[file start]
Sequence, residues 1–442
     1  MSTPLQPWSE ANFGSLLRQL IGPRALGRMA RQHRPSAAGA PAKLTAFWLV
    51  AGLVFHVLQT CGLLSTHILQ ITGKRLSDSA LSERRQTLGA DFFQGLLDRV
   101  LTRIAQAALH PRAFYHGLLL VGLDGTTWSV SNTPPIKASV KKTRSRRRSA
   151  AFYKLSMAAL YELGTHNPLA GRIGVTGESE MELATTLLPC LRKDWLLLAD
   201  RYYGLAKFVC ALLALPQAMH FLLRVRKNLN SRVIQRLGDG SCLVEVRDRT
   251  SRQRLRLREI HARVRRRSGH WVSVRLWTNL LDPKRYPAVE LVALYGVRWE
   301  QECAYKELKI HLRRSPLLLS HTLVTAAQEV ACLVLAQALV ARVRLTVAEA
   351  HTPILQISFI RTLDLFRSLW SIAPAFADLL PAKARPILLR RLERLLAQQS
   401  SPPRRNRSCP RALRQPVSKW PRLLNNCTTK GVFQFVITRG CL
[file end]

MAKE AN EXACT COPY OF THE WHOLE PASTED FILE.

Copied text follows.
Sequence, residues 1–442
     1  MSTPLQPWSE ANFGSLLRQL IGPRALGRMA RQHRPSAAGA PAKLTAFWLV
    51  AGLVFHVLQT CGLLSTHILQ ITGKRLSDSA LSERRQTLGA DFFQGLLDRV
   101  LTRIAQAALH PRAFYHGLLL VGLDGTTWSV SNTPPIKASV KKTRSRRRSA
   151  AFYKLSMAAL YELGTHNPLA GRIGVTGESE MELATTLLPC LRKDWLLLAD
   201  RYYGLAKFVC ALLALPQAMH FLLRVRKNLN SRVIQRLGDG SCLVEVRDRT
   251  SRQRLRLREI HARVRRRSGH WVSVRLWTNL LDPKRYPAVE LVALYGVRWE
   301  QECAYKELKI HLRRSPLLLS HTLVTAAQEV ACLVLAQALV ARVRLTVAEA
   351  HTPILQISFI RTLDLFRSLW SIAPAFADLL PAKARPILLR RLERLLAQQS
   401  SPPRRNRSCP RALRQPVSKW PRLLNNCTTK GVFQFVITRG CL